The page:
Note: A publisher has expressed interest in my book about the history of the Mound Builder myth and has asked for the full manuscript. However, in order to get the manuscript ready for review, I have to do some work with formatting, especially converting the footnotes into a bibliography, so I will be taking the day off of writing the blog while I work on this. In the meantime, please enjoy this rerun post from November 2012.
One weird claim from Erich von Däniken’s Chariots of the Gods has always bothered me, and I’ve never been able to figure out just where it came from. In the book, von Däniken claims that Egypt’s Great Pyramid lies at the “center of gravity” for all earth’s land:
Since there is so much to be said against the textbook explanations of the choice of site, one might reasonably ask whether the 'gods' did not have their say here, too, even if it was by way of the priesthood. But if that explanation is accepted, there is one more important proof of my theory of the Utopian past of mankind. For the pyramid not only divides continents and oceans into two equal halves, but also lies at the center of gravity of the continents.
Now, obviously this makes no sense whatsoever. In 1973, Playboy magazine tried to get von Däniken to explain what he meant by this, and von Däniken had absolutely no idea, admitting that he just copied it out of a book
I am referring there to many other writers. It is not just the invention of Mr. Erich von Däniken himself. As I understand them, if you took all the water away from the Earth and pushed all the continents together—so, for example, South America fit up against Africa—then the pyramid would be right in the middle. That’s how it was explained to me. I’ve never tried it.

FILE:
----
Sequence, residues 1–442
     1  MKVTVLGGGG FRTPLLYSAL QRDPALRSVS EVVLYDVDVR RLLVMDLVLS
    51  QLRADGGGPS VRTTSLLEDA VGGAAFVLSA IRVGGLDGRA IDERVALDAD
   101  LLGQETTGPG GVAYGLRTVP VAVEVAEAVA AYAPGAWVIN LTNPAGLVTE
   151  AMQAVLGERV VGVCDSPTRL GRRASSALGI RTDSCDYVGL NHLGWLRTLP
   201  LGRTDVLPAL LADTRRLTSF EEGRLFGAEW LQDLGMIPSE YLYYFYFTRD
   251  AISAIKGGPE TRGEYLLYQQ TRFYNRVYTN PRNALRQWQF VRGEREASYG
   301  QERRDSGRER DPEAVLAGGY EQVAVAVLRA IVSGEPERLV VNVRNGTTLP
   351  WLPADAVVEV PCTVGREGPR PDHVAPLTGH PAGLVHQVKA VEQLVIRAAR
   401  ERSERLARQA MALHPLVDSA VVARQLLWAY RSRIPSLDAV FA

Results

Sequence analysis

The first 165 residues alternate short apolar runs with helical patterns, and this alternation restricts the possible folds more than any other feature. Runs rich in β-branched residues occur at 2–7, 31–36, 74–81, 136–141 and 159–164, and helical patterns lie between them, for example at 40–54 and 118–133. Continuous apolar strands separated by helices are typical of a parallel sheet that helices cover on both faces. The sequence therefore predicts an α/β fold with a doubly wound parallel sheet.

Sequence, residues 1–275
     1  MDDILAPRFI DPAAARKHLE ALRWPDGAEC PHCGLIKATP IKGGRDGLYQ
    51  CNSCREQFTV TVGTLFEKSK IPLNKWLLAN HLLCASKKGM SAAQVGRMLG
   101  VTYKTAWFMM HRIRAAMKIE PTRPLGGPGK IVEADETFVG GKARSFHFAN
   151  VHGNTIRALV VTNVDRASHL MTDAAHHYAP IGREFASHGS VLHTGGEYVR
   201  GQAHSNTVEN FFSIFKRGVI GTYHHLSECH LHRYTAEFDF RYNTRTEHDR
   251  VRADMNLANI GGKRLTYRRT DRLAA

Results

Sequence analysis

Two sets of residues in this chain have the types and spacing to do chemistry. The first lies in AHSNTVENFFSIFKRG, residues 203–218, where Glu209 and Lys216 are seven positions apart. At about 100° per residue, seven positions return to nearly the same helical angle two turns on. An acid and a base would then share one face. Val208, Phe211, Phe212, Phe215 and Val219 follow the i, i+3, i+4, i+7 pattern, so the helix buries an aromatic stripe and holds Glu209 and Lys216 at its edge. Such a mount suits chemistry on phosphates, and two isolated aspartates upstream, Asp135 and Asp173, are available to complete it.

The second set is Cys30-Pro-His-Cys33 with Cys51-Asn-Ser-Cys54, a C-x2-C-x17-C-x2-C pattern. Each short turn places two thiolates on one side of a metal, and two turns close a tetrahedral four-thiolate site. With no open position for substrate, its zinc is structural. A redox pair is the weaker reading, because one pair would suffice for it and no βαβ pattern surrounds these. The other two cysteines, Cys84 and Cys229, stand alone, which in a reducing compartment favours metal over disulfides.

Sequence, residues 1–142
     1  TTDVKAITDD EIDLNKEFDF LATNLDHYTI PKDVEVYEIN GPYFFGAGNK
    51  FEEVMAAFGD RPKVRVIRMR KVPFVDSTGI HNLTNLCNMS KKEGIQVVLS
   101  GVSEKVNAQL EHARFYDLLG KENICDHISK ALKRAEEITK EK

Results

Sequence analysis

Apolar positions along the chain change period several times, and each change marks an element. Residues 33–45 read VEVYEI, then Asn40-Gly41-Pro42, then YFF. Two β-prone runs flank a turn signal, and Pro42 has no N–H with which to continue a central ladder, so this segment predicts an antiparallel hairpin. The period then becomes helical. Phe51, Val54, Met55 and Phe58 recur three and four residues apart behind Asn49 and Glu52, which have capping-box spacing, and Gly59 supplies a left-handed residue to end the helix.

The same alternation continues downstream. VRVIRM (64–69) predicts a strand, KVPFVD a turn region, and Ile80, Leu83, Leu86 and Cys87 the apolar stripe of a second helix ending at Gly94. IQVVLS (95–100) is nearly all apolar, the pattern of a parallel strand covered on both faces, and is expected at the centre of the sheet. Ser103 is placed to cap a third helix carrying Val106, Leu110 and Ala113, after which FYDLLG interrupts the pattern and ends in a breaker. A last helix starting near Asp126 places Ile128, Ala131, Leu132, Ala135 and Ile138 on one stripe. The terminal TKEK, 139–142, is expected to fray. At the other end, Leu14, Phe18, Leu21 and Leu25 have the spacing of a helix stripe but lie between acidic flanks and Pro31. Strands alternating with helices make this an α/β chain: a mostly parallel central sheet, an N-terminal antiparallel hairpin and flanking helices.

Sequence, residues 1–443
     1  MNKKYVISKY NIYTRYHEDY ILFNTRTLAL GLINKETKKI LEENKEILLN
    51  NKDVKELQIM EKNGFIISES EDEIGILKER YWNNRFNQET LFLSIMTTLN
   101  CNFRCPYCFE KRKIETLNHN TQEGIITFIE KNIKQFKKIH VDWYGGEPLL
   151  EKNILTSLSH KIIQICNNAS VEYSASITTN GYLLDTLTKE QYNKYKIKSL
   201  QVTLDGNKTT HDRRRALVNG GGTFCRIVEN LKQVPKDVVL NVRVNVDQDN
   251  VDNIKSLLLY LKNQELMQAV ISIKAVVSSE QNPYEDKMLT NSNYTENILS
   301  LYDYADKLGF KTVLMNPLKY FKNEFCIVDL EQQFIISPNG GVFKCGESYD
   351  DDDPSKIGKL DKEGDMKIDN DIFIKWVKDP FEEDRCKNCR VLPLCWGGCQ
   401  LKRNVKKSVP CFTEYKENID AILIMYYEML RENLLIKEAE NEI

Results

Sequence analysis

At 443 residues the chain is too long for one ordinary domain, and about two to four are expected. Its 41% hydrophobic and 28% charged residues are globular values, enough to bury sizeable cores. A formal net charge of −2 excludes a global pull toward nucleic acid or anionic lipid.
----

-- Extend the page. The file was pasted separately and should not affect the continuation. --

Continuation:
This is clearly a post hoc explanation that confuses gravitational center with geographic center, and many writers after von Däniken have tried to justify it with recourse to Mercator project maps skewed to put the pyramid at the center of an X formed by lines crossing from Africa to Tasmania and Kamchatka to Patagonia. But, as mentioned, this has nothing to do with gravity. This claim does not appear in James Bonwick’s exhaustive catalog of pyramid theories, written in 1877, so it must be a modern invention or misconception, whose source I will soon reveal.
Since the claim has no basis in science, most skeptics have been content to let it go as more ignorant blathering from an uninformed writer. Nevertheless, it continues to be repeated by alternative writers even today, including, recently, Allen Austin in the self-published The Middle of the Earth (2011) and Ryszard Chorosy and Lucyna Lobos-Brown in The Cleansing of the Earth: 2012 (2009) (a vanity press book which actually plagiarizes von Däniken word-for-word for several pages without credit). A few alternative writers state that the claim derives from Joseph Seiss’s 1884 book The Gospel in the Stars, but this book does not include the claim and instead merely summarizes Piazzi Smyth’s pyramid silliness from Our Inheritance in the Great Pyramid.
Seiss’s earlier book, Miracle in Stone (1877) seems a more likely source. There he writes:
And as these great old architects measured the earth, so they also weighed it. As nearly as can be computed, their pyramid is the even one thousand billionth part of the weight of this whole earth-ball of land and sea. The gravity of the entire mass of what they built needs only to be multiplied by 10^5×3 to indicate the sum of the gravity of the entire mass of the globe we inhabit.